Friedrich, Otto. Before the Deluge: A Portrait of Berlin in the 1029’s. New York: Harper and Row, 1972.
Reason read: Berlin has a tattoo festival every year in Berlin.
There is a small possibility I will visit Berlin in the next year or so. It is hard to imagine the contrary Berlin of the 1920’s. Beautiful girls dressed in flapper style, kicking it up in glitzy cabarets (a la Louise Brooks, also known as Lulu) against a backdrop of war, and poverty, and influenza ravaged misery. One war was over while another bubbled just below the surface, waiting to burst forth.
The 1920’s was also a great period of scientific inquiry and wonderment. Britain and Germany had been on opposite sides of World War I, but astronomers were not concerned with that detail. Scientists on both sides were single-minded in their desire to study the eclipse. At the same time, the German government saw the benefit of using the new technology of moving pictures to show their propaganda films. Albert Einstein was in his prime.
The most fascinating thing about Before the Deluge is Friedrich’s interviews with people who could remember the height of the 20’s in Berlin. People who were aware events like if the Communists had voted in force, Marshall Paul Von Hindenburg would have never been elected to rule the German Republic. If the weather had been slightly better Hindenburg never would have appointed a young man named Adolf Hitler as Chancellor….
Quote that gave me pause: “Berlin in the winter is never a very cheerful place” (p 36). Even at Christmastime? I have to wonder.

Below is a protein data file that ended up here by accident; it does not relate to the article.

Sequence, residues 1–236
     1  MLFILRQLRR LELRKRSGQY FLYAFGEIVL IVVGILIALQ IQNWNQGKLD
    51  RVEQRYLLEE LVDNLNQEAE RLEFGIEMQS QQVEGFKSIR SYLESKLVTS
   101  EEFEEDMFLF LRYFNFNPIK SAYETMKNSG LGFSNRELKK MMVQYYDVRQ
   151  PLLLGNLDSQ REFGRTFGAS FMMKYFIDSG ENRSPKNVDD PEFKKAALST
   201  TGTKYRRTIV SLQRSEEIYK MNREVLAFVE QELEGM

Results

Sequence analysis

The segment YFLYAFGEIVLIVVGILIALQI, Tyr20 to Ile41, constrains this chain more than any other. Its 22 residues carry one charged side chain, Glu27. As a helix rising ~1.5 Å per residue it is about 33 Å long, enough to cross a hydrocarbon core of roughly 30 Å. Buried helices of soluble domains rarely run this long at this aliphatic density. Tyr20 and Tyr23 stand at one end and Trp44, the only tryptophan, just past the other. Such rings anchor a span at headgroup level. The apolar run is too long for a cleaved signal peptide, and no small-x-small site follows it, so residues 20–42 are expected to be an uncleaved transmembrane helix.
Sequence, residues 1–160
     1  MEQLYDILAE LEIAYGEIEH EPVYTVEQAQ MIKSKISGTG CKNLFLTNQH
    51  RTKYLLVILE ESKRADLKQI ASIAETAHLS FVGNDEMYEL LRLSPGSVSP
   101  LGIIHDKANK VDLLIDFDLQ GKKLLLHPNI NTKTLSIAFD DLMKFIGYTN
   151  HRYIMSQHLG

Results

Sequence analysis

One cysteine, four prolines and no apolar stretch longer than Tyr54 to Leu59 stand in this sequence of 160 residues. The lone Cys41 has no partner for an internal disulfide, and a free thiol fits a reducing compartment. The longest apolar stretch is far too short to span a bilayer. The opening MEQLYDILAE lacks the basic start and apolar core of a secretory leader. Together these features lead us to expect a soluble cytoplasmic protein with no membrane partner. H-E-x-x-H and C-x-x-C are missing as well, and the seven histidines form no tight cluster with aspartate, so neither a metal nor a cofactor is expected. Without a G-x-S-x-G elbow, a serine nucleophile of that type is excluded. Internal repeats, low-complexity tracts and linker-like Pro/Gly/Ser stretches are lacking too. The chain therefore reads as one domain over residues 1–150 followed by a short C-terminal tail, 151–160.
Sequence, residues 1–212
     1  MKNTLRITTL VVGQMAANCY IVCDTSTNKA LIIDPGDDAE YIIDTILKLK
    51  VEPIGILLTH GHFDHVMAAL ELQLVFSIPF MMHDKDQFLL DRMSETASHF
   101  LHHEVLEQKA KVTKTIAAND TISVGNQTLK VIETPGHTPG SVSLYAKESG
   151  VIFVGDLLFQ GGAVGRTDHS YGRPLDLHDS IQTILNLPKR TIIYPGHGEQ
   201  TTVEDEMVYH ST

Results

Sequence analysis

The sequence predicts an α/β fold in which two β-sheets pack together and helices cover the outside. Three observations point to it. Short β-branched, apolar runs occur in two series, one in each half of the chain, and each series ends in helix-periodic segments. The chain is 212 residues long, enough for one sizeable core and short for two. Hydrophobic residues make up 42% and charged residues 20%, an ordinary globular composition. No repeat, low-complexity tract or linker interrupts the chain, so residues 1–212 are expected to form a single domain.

Author fact: Friedrich went to Harvard (born in Boston).
Book trivia: There is a very cool fold out map several pages into Before the Deluge. Much better than inside the front cover of the book.
Nancy said: Pearl says, “you can’t get a better sense of Berlin between the wars than by reading Otto Friedrich’s Before the Deluge.” She then goes on to say it would be interesting to use Before the Deluge as a guidebook to present day Berlin. I don’t think so. Before the Deluge was first published in the early 1970’s. A lot has changed since then…
BookLust Twist: from Book Lust To Go in the crazy simple chapter called “Berlin” (p 36). Imagine that.
Larsson, Asa. Sun Storm. Translated by Marlaine Delargy. Read by Hillary Huber. New York: Bantam Dell, 2003.
Reason read: June is Larsson’s birth month.
Rebecka Martinsson had fled her small town of Kiruna many years ago to become a successful tax attorney in Stockholm. She attempted to escape scandal involving sex and the church and hasn’t been back since. You can fill in details between the lines, but readers will not know the exact reason why she disappeared all those years ago until much later in the book. They only know Rebecka reluctantly returns only after being called by an old friend needing legal advice and emotional support. Sanna has been accused of murdering her much beloved evangelical brother, Viktor Strandgard. When all of the obvious evidence, including motive, points to Sanna as the killer Rebecka must dig deep to uncover the truth.
Probably the best part of Larsson’s writing is how descriptive she is with people and places. I especially liked how flawed and broken most of her characters were.
Author fact: Sun Storm is Larsson’s first novel.
Narrator fact: Huber does a great job with the different character’s voices. Rebecka Martinsson as a lawyer is strong and direct while Sanna Strandgard, whose brother has just been found murdered, is weak and frightened. Even the male voices are well done.
Book trivia: Sun Storm won an award for Best First Crime Novel.
Nancy said: just that Sun Storm won the Swedish award for Best First Crime Novel, which I already mentioned.
BookLust Twist: from Book Lust To Go in the chapter called “Swede(n), Isn’t It?” (p 222).